Anton Forsberg had just finished an extended morning skate Wednesday morning in St. Louis. The backup goaltender had played in one regular-season game for the Blackhawks to that point, so getting in extra work to stay sharp was helpful.
“I try to keep my focus in practice and work extra every day, get a few extra shots in practice with the extra guys who are out there, work with Jimmy and try to keep my game shape,” Forsberg said, referring to Blackhawks goaltending coach Jimmy Waite.
Whatever Forsberg’s working on in practice and skates seems to be working, because in two games with the Blackhawks he’s looked sharp. Forsberg probably deserved a victory on Thursday night when he stopped 40 shots in the Blackhawks’ 2-1 overtime loss to the Edmonton Oilers. It’s the backup life to wait and see when that next start will come, but Forsberg has been ready.
“For sure I felt more comfortable today, more used to the speed,” he said following Thursday’s game. “I felt I read the game better, felt I had more time moving around. It’s tough, again, to lose in overtime. Obviously I wanted to win and it’s frustrating.”
Frustrating for sure, but Forsberg is giving the Blackhawks exactly what they want and need: a dependable backup that gives them a chance to win. The two goals Forsberg gave up on Thursday weren’t softies, either — Patrick Maroon’s goal off a ridiculous Connor McDavid pass and Mark Letestu’s over game-winner that deflected off Brent Seabrook’s stick.
“He kept us in a tight game like he did in Toronto, got us to overtime. I kind of feel bad we didn’t get him a win in either of those,” Ryan Hartman said. “He played well both of those games. It’s nice to have a guy on the back end like that.”
Forsberg has blended in well with the Blackhawks. It helps that he already knew two of them, Brandon Saad and Artem Anisimov, his former teammates in Columbus. He and Corey Crawford already have a good rapport. Same goes for he and Waite, and Forsberg has soaked up any information they’ve given him.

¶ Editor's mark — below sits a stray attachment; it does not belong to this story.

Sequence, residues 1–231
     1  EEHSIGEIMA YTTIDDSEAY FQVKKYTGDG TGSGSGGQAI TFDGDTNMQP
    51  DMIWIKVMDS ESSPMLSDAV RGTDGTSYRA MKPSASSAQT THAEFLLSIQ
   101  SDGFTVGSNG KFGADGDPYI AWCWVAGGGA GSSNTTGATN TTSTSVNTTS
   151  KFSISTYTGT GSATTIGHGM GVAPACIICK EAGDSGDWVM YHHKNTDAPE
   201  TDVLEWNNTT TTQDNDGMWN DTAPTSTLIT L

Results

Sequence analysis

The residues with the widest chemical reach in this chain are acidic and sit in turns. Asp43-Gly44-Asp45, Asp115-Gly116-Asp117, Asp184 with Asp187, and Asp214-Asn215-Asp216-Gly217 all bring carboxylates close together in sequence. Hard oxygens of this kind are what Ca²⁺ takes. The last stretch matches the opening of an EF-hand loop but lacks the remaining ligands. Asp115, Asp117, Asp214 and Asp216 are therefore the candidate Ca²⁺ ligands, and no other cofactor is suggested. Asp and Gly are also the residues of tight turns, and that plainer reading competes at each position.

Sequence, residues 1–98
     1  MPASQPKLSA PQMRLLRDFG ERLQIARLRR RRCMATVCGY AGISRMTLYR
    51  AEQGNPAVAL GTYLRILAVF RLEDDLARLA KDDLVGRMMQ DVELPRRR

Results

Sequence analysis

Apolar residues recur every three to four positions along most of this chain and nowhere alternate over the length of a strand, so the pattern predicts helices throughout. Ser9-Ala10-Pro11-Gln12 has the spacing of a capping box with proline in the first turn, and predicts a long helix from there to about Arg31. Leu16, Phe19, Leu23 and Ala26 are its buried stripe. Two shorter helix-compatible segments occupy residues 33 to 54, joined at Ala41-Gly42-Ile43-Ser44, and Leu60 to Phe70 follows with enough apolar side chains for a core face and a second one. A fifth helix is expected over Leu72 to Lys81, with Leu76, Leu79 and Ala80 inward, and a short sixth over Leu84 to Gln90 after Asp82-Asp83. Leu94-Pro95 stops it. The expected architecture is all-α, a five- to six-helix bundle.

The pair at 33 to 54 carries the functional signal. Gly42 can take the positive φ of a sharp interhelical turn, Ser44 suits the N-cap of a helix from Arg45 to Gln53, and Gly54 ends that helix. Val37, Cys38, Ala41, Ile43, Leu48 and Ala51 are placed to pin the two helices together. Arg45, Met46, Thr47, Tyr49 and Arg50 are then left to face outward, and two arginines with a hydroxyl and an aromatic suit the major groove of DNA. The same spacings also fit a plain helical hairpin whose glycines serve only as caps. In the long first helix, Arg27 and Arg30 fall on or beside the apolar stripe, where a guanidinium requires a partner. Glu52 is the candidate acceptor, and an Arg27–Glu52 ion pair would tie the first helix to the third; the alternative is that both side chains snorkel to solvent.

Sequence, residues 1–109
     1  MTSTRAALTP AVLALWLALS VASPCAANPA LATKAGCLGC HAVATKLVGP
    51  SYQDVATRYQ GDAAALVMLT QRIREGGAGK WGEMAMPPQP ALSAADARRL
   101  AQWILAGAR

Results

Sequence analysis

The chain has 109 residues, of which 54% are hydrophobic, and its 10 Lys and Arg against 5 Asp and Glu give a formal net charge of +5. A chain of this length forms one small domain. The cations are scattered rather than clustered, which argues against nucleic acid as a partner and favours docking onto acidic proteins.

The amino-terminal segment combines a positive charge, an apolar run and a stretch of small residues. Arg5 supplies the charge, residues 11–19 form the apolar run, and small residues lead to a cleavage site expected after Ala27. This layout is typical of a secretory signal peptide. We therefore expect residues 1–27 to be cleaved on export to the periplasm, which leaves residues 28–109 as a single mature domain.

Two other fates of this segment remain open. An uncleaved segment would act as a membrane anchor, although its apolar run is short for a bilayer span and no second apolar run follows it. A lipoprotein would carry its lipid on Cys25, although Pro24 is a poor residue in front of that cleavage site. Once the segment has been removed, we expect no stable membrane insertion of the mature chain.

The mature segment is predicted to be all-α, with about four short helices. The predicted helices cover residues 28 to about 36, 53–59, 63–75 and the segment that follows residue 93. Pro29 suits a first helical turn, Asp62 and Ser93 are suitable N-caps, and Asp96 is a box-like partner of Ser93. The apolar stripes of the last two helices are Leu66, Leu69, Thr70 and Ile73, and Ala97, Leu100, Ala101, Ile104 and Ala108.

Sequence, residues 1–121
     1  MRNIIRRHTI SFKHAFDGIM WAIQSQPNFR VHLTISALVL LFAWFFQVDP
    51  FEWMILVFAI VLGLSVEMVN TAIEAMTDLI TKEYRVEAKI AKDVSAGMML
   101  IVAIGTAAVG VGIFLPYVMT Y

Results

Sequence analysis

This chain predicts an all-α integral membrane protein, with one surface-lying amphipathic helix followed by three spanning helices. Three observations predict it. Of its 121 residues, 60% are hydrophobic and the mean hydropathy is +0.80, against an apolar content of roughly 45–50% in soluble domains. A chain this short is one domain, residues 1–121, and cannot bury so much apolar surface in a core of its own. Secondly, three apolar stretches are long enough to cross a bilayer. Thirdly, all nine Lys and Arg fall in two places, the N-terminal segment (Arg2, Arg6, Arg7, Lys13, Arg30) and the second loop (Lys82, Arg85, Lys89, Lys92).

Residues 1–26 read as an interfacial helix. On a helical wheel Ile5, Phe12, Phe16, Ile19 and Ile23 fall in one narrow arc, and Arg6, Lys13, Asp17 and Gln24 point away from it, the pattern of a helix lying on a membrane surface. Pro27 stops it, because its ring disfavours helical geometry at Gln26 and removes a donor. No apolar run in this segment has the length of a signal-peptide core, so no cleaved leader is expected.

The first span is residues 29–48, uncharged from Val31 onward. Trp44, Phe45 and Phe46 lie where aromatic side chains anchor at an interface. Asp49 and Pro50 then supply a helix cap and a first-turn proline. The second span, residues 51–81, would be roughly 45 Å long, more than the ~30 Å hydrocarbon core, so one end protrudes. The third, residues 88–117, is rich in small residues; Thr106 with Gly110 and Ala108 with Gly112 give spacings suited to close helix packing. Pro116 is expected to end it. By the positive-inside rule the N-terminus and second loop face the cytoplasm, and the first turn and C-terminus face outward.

“I feel like both him and Corey teach me a lot. We talk about different situations, especially all the reads,” Forsberg said. “I get to know how (Crawford) thinks the game. He’s been around a long time and has been doing well, so it’s interesting every day to hear what he has to say. Even Jimmy’s been around same thing there, discussing my game, what we want to improve, what we want to do different, what to keep the same and go from there.”
The extra work in practices and skates appears to be working as Forsberg has done a lot right in just his first two games, which were 10 days apart. The Blackhawks have had a good run of backup goaltenders; two games is a small sample size but Forsberg could be the latest reliable backup.
The Cubs go home for the winter with a bad taste in their mouths for the 108th time in the last 109 years.
But such is the nature of professional sports, where only one team and its fanbase gets to experience euphoria on the final day of the season.
The Cubs didn't play as well as they would've liked in the 2017 postseason, something they readily admit.